Lessons Learned from Implementing A Multi-Country Project - Part II

By Olajumoke Arinola & Nwanyibuife Obiako

In Part II of the lessons learned series, the AVADAR project team share additional lessons from project expansion in 2017. For the first three lessons mentioned, please refer to Part I.

Cross-country projects come with unique challenges, however, with proper planning, monitoring, and consideration of all project aspects, success is attainable. While there are many success ingredients for multi-country projects, high-quality planning, early consultation with local experts, community inclusion, and consideration of local socio-political contexts are most vital.

Below are three additional lessons learned from implementing the AVADAR project:

Integrate Project Processes within Applicable Local Context

Hiring local facilitators to support kick-off training for community informants was cost-effective and efficient, with the AVADAR project benefitting from their wealth of experience. Our training facilitators were locally recruited in every country the project was expanded to; this directly improved the engagement rates, understanding, and comfort level of participants in each location. For each country, the coordination team had to adapt to country-specific health administrative structures to customize the mobile application and also understand roles and responsibilities of key healthcare personnel on the project.

Acquire Business Management Knowledge per Country


When coordinating implementation of multi-country projects, adequate knowledge, and awareness of country-specific regulations and policies that may impact project implementation are critical to success. Knowledge of import/export policies for equipment procurement, local labor laws, and management of business relationships (internally and externally) should be researched and factored into the overall project process and strategy. One vital lesson we have learned as a team is the need to understand country-specific policies and regulations around the procurement of equipment, timely shipping and clearing of goods, staff recruitment, and local currency fund transfers.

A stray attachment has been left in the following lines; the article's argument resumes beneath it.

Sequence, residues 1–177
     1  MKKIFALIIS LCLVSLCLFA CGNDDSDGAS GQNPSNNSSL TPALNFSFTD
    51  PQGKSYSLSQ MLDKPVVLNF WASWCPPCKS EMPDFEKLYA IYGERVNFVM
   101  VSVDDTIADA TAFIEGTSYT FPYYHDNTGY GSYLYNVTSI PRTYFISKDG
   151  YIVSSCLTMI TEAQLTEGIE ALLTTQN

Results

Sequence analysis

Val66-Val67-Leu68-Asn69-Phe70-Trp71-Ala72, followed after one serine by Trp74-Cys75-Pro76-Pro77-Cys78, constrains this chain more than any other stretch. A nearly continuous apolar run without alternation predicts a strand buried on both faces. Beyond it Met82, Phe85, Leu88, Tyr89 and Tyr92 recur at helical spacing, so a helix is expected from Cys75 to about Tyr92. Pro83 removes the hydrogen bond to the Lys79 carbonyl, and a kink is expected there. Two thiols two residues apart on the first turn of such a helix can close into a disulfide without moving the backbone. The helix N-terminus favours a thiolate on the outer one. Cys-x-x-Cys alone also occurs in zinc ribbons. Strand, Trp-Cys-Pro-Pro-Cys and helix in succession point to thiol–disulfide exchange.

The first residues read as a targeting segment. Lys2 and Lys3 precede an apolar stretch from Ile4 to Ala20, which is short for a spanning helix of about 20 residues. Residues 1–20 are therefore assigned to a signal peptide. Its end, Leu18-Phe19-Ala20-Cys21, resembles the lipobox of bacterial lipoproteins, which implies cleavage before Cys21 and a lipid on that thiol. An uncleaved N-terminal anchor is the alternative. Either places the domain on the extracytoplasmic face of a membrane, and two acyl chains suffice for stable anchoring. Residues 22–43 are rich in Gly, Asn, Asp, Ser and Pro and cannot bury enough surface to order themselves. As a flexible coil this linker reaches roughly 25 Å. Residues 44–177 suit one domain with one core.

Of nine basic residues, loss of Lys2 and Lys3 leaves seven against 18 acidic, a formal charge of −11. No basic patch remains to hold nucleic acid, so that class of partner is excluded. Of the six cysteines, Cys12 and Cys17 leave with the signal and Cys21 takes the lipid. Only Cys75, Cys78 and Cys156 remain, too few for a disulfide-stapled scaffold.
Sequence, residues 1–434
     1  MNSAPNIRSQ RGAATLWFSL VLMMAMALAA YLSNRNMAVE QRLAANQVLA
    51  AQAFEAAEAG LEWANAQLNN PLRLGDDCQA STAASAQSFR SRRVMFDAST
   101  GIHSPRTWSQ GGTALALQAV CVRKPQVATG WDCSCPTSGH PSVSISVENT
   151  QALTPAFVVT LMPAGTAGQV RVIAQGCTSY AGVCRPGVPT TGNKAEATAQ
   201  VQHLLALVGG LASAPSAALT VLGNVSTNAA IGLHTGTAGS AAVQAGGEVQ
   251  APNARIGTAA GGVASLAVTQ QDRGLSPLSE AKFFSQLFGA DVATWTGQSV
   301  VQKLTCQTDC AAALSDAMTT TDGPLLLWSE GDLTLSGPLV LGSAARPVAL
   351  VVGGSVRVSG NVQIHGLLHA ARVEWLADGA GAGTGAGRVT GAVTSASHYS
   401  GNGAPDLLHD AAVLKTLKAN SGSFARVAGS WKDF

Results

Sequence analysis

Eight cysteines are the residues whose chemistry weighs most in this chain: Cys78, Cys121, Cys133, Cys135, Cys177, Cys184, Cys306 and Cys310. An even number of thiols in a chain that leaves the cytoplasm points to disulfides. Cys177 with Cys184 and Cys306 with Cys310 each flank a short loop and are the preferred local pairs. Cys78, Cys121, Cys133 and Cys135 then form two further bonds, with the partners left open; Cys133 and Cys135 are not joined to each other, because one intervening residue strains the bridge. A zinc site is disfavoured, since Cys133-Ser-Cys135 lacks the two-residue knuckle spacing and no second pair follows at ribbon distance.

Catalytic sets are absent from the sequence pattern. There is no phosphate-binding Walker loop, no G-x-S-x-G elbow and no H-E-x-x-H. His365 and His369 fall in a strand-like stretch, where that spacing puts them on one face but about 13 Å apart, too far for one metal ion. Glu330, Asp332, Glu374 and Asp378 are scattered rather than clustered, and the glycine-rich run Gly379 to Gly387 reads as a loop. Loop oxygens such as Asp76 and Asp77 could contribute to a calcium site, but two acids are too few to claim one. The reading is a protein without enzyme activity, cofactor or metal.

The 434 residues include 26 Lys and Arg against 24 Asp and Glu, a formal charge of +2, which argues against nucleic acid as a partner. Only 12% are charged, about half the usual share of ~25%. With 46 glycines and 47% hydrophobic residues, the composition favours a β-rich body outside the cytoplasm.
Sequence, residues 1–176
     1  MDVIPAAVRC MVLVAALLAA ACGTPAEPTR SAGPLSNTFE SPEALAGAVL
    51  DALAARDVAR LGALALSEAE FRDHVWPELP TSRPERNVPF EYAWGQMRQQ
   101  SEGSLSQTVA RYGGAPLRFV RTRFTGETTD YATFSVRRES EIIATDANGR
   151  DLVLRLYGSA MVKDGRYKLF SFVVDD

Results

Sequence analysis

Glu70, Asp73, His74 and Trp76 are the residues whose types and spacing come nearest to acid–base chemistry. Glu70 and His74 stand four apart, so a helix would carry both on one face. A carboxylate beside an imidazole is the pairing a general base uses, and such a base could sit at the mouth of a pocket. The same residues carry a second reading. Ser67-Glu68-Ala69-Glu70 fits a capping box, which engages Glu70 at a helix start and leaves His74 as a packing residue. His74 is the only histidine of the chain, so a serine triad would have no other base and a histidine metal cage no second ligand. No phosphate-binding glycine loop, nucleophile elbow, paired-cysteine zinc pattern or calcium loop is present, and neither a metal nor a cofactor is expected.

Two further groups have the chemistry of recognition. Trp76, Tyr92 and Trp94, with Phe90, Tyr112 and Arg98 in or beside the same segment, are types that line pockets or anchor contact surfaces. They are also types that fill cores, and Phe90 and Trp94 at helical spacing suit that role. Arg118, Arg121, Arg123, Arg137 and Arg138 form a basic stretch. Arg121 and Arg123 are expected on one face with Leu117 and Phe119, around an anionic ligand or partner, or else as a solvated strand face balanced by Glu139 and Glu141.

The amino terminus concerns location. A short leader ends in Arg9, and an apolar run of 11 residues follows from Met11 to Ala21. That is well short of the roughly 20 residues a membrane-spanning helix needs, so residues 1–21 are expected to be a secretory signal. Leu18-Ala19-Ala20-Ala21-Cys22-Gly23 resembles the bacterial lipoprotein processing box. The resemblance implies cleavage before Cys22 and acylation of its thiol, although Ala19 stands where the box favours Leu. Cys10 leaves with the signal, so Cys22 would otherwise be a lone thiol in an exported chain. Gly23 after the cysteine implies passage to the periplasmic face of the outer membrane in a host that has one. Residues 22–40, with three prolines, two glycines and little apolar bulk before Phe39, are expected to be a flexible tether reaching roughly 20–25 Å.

Risk Management

Research on country-specific laws and current affairs, as well as consulting with local indigenes help to anticipate challenges and risks likely to occur that can negatively impact the project success. The political atmosphere, climate change, and high insecurity locations within a country (e.g. areas with frequent insurgent attacks) need to be closely monitored and project plans adjusted accordingly. Our team leverages on local hires and authorities, our security team, and project partners in-country to remain up-to-date on relevant activities that have an effect on project plans and ensure the safety of all field teams.

Implementing AVADAR has been a remarkable personal and professional growth experience for the team. As we look forward to the continuation and further expansion of the project into priority districts in 2018, we continue to draw from our experiences to improve the quality of our services. eHA is leveraging on lessons learned from projects like AVADAR to execute other multi-country efforts that support our mission to strengthen health systems through data-driven solutions and improve the quality of healthcare provided in underserved communities. Learn more about our programmatic expertise and scope of projects from eHA’s 2016 Impact Report!